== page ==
A Study of Relationship Between Breast Cancer Mortality Rate and Human Development Index: Global Trend Analysis from 1990 to 2017

AUTHORS

Zahra Zolghadr ORCID 1 , Masoud Salehi 2 , Afsaneh Dehnad 3 , Farid Zayeri ORCID 4 , *

1 Department of Biostatistics, School of Allied Medical Sciences, Shahid Beheshti University of Medical Sciences, Tehran, Iran

2 Health Management and Economics Research Center and Department of Biostatistics, School of Public Health, Iran University of Medical Sciences, Tehran, Iran

3 Center for Educational Research in Medical Sciences (CERMS) and English Language Department, School of Health Management and Information Sciences, Iran University of Medical Sciences, Tehran, Iran

4 Proteomics Research Center and Department of Biostatistics, School of Allied Medical Sciences, Shahid Beheshti University of Medical Sciences, Tehran, Iran

How to Cite: Zolghadr Z, Salehi M, Dehnad A, Zayeri F. A Study of Relationship Between Breast Cancer Mortality Rate and Human Development Index: Global Trend Analysis from 1990 to 2017, Int J Cancer Manag. Online ahead of Print ; 13(8):e101813. doi: 10.5812/ijcm.101813.

ARTICLE INFORMATION

International Journal of Cancer Management: 13 (8); e101813
Published Online: August 19, 2020
Article Type: Research Article
Received: February 15, 2020
Revised: June 24, 2020
Accepted: June 27, 2020
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Abstract

Background: Female breast cancer is known as one of the top five cancers in terms of mortality. Regarding contradictory reports about the mortality trend of this cancer and its association with the socio-economic status of the world countries, we aimed at assessing the global trend of female breast cancer mortality rate and investigate the relationship between its mortality rate and development status.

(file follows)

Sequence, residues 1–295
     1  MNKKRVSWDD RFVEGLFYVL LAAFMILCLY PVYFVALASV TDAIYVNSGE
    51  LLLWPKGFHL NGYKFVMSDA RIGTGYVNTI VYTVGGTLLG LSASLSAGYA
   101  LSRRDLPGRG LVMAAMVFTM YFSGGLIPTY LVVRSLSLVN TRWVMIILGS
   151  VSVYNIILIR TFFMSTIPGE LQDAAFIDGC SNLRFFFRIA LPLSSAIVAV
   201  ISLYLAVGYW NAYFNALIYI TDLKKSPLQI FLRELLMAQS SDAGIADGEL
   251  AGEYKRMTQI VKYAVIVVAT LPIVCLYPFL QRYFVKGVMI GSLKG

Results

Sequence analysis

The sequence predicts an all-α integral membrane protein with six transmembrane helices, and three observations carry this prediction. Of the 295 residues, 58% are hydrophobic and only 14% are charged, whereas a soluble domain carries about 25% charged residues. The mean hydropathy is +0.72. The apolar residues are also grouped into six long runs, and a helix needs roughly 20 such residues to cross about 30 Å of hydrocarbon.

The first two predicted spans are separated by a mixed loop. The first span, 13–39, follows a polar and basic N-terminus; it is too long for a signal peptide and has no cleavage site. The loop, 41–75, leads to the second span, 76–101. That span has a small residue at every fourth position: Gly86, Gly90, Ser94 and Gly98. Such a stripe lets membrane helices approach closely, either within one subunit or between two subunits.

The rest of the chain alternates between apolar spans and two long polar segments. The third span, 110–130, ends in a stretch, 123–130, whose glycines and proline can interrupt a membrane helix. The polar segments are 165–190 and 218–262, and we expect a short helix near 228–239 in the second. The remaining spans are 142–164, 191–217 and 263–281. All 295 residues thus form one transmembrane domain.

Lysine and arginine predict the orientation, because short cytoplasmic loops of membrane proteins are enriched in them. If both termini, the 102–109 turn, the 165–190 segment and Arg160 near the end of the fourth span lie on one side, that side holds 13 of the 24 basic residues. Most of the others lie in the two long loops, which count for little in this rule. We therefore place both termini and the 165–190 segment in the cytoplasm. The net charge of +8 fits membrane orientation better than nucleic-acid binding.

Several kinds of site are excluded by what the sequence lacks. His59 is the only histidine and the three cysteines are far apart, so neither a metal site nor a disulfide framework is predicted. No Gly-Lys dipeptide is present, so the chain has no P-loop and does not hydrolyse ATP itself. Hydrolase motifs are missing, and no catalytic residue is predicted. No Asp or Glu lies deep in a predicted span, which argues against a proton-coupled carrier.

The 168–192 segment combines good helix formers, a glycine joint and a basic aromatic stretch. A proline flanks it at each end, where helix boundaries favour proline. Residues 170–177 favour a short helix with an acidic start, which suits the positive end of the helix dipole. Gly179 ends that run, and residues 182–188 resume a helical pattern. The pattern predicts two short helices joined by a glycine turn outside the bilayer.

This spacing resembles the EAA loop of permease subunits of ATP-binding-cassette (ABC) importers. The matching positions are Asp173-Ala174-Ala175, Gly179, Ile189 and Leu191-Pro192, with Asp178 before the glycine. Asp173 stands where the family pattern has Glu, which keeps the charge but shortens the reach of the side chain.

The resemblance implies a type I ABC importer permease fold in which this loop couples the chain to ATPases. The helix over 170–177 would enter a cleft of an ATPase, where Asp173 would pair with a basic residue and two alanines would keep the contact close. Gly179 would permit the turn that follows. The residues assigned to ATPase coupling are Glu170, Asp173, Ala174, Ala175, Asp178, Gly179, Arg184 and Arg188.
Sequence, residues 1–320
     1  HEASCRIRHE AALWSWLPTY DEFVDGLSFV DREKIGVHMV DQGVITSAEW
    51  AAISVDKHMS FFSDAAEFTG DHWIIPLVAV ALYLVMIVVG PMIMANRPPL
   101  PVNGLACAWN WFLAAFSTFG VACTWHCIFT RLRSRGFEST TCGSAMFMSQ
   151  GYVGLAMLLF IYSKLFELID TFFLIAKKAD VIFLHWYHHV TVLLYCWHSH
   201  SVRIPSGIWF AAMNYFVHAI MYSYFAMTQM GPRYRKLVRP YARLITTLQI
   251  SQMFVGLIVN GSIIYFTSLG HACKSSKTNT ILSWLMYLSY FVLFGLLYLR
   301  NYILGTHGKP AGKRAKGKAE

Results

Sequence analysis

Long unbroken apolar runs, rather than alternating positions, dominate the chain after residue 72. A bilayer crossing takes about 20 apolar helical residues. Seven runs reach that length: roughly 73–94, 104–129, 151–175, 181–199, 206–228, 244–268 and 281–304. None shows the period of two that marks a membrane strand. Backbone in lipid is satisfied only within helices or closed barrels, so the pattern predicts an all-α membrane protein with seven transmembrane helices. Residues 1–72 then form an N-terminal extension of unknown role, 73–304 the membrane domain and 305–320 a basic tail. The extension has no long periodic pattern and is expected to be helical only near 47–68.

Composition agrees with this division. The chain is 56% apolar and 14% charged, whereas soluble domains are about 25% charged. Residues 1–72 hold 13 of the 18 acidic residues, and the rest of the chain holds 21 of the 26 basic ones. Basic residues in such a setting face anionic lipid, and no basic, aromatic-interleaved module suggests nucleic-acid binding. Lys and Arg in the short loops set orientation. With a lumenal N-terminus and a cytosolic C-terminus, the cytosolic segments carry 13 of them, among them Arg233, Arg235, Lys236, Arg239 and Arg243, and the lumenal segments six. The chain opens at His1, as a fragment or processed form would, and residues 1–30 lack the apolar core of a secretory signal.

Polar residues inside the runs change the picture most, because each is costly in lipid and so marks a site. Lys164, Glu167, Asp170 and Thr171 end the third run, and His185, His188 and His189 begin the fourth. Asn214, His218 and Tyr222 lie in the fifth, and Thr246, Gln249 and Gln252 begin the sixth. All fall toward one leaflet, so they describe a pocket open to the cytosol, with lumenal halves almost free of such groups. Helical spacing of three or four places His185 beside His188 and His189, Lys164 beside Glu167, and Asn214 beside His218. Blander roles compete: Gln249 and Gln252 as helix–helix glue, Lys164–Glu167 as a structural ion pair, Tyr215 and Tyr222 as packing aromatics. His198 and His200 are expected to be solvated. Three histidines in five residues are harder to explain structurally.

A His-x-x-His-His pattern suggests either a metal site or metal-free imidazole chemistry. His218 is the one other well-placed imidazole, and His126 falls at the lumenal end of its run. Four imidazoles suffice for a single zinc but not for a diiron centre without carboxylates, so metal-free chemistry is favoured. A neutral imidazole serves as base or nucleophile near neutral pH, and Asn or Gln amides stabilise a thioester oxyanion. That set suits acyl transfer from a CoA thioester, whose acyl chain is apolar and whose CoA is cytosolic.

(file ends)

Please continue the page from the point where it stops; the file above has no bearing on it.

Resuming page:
Methods: The breast cancer Age Standardized Mortality Rate (ASMR) per 100,000 and Human Development Index (HDI) for 179 world countries were extracted, respectively from the Global Burden of Disease (GBD) 2017 study and the United Nations Development Programme (UNDP) database, for the period 1990 to 2017. The marginal modeling methodology was employed to analyze the global trend of ASMR and examine the relationship between ASMR and HDI.

Results: The results showed a slightly constant curve for the global trend of breast cancer ASMR from 1990 to 2017 (around 17 per 100,000). Moreover, it was indicated that the ASMR is strongly related to development status. While countries with higher levels of HDI have experienced a declining trend of breast cancer mortality rate, countries with lower HDI levels experienced an ascending trend at this period.

Conclusions: In general, the findings showed that mortality due to breast cancer is still a major health problem in total world countries. Hence, more efforts should be made to screen the patients in the early stages of the disease and promote the level of care, especially in countries with lower levels of economic development.

1. Background

Breast cancer as a global public health problem is the most common cancer (1) and the second most prevalent cause of death by cancer in females worldwide (2). In 2016, there were about 1.7 million incident breast cancer cases and 535,000 deaths from this disease in women throughout the world (3). Also, it caused about 1.5 million Disability-Adjusted Life Years (DALYs) for women in the year 2016 (4). Although more than half of the global burden of this disease is currently experienced in developed countries, it has been reported that the incidence and prevalence rates are remarkably rising in developing countries (1). The result of a systematic analysis suggests that despite the global efforts for primary prevention of breast cancer, only 20% to 50% of this disease can be prevented (4).